Where an HCLA plaintiff sent pre-suit notice to a hospital and two doctors, the hospital had all the relevant documents, the doctors were independent contractors of the hospital who could only access the records for treatment purposes, and plaintiff’s HIPAA form was noncompliant and only allowed records to be released to plaintiff’s counsel, dismissal for the doctors was affirmed, but dismissal of the claim against the hospital was reversed.
In Christie v. Baptist Memorial Hospital d/b/a Baptist Memorial Hospital for Women, No. W2022-01296-COA-R3-CV (Tenn. Ct. App. Nov. 15, 2023), plaintiffs filed an HCLA claim based on the lack of treatment received by their newborn daughter, who was born and died on the same day at defendant hospital. Before filing suit, plaintiffs sent pre-suit notice to defendant hospital and two doctors who had been involved in the baby’s treatment. It was undisputed that the HIPAA authorization sent with the notice only allowed records to be released to plaintiff’s counsel rather than to other parties receiving notice.
Defendants filed motions to dismiss based on the faulty HIPAA authorizations, which the trial court “reluctantly” granted. On appeal, dismissal of the claims against the doctors was affirmed, but dismissal of the claim against the hospital was reversed.
Before the motions were heard, limited discovery was conducted, and the evidence showed that all records pertaining to the baby were at defendant hospital. The two doctors were independent contractors of the hospital, and they had access to all records, but only for the purpose of treating patients.
While the HCLA requires that a HIPAA compliant medical release be sent with a plaintiff’s pre-suit notice, “a plaintiff must substantially comply, rather than strictly comply, with the requirement of subsection 29-26-121(a)(2)(E).” (internal citation omitted). When reviewing for substantial compliance, a court should “consider the extent and significance of the plaintiff’s errors and omissions and whether the defendant was prejudiced by the plaintiff’s noncompliance.” (internal citation omitted). Regarding the HIPAA authorization, “it is a threshold requirement of the statute that the plaintiff’s medical authorization must be sufficient to enable defendants to obtain and review a plaintiffs’ relevant medical records.” (internal citation omitted).
Here, plaintiffs argued that the three defendants should be treated as a single provider, allowing the single provider exception outlined recognized in Bray v. Khuri, 523 S.W.3d 619, 620 (Tenn. 2017) to apply. This exception “holds that no pre-suit HIPAA authorization is required when only a single defendant is given pre-suit notice.” The Court of Appeals, however, rejected this argument, noting that the single provider exception “is narrow and limited to the case where only a single provider is named as a defendant,” and that utilizing the single provider exception had been rejected in similar cases.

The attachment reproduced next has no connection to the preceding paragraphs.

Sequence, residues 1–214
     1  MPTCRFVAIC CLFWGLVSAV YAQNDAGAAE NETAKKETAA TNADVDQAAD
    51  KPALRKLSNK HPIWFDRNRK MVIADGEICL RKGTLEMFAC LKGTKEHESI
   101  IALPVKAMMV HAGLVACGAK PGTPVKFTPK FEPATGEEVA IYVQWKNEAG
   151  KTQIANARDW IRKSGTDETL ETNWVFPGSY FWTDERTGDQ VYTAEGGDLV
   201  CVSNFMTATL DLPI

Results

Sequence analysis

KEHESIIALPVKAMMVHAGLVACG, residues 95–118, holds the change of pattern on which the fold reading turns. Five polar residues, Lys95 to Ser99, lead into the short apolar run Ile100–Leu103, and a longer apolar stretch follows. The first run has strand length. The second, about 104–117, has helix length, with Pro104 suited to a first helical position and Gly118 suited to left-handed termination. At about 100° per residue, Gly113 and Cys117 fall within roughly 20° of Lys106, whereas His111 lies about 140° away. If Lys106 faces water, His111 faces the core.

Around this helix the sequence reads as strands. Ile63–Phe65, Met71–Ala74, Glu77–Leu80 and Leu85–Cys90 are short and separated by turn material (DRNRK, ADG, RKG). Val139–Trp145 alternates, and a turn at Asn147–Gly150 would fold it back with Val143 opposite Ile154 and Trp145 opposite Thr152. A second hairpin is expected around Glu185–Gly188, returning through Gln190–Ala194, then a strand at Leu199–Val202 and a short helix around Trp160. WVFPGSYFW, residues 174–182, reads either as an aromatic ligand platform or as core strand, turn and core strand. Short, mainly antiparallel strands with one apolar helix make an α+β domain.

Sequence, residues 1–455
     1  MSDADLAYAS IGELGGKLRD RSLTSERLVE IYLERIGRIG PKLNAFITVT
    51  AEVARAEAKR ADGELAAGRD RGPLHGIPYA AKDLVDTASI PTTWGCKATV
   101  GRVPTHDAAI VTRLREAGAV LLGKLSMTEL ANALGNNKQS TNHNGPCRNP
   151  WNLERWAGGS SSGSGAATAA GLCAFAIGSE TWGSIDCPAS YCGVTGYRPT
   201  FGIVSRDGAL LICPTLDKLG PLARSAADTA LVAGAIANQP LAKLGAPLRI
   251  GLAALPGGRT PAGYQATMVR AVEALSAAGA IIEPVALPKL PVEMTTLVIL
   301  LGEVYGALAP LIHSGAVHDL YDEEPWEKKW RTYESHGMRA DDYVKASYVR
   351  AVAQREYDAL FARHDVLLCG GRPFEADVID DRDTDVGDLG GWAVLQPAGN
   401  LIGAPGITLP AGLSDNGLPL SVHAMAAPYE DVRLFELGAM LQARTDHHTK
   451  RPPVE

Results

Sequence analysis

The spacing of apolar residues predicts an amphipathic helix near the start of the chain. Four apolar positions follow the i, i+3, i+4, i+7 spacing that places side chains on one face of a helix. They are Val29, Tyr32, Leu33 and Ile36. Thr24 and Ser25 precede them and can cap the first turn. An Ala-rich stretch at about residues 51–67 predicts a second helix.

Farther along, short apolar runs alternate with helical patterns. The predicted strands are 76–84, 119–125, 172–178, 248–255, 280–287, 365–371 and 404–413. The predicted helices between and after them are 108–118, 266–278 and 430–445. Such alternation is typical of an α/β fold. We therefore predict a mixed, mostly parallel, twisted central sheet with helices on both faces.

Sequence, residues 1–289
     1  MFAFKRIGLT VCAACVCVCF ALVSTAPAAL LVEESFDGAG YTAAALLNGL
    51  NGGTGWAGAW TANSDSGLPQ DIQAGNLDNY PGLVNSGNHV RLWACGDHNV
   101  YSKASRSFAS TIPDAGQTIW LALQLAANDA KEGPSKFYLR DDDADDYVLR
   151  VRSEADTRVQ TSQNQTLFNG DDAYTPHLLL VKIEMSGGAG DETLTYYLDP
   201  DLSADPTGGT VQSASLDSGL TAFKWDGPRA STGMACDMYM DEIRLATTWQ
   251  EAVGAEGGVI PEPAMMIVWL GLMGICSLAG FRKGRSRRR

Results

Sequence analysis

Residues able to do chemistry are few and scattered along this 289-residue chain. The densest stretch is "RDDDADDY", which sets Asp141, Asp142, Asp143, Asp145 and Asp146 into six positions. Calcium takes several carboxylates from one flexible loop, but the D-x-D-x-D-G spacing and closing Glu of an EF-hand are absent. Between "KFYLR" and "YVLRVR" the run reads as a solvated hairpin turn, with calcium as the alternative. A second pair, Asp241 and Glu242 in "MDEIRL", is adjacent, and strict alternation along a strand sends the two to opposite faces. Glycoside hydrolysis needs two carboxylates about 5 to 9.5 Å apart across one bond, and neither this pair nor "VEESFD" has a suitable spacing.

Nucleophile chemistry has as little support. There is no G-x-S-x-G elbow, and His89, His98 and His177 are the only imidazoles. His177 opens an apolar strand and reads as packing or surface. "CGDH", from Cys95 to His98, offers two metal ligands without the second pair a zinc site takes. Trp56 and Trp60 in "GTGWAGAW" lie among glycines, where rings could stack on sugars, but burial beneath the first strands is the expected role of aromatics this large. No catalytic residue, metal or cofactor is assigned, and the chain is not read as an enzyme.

Nonetheless, the Court found that the “health care operations” exception did apply to the hospital in this case. The health care operations exception “permits a provider to use a patient’s protected health care records in the provider’s own possession to consult with legal counsel in order to evaluate the merits of a potential claim.” (internal citation omitted). HIPPA permits a “health care provider to use or disclose protected health information in its possession for its own health care operations,” and health care operations include “conducting or arranging for legal services.” (internal citation omitted). Here, the hospital’s representative conceded that the hospital had all the relevant records and that it had “full access” to such records. Looking at the evidence and existing Tennessee caselaw, the Court ruled that “the pre-suit notice sent to [the hospital] was sufficient to invoke the regulatory exception to the general requirement of a HIPAA compliant medical authorization in this case.” Because plaintiffs presented proof that the hospital had all the records, then, dismissal of the claim against the hospital was reversed.
Regarding the two defendant doctors, plaintiffs argued that since they had access to the records, dismissal of the claims against them should also be reversed. The Court rejected this argument, pointing out that they were only authorized to access the records for treatment purposes, and that the doctors were independent contractors of the hospital. Because the doctors could not use the records to prepare for litigation, plaintiffs’ pre-suit notice to them did not substantially comply with the HCLA requirements, and dismissal of the claims against the doctors was affirmed.
This case is the latest in a long line of cases illustrating the issues that arise when a noncompliant HIPAA authorization is sent with an HCLA plaintiff’s pre-suit notice. As seen here, the single provider exception is very specific and is very unlikely to come into play when multiple defendants are named in the suit.
This opinion was released five months after oral arguments in this case.
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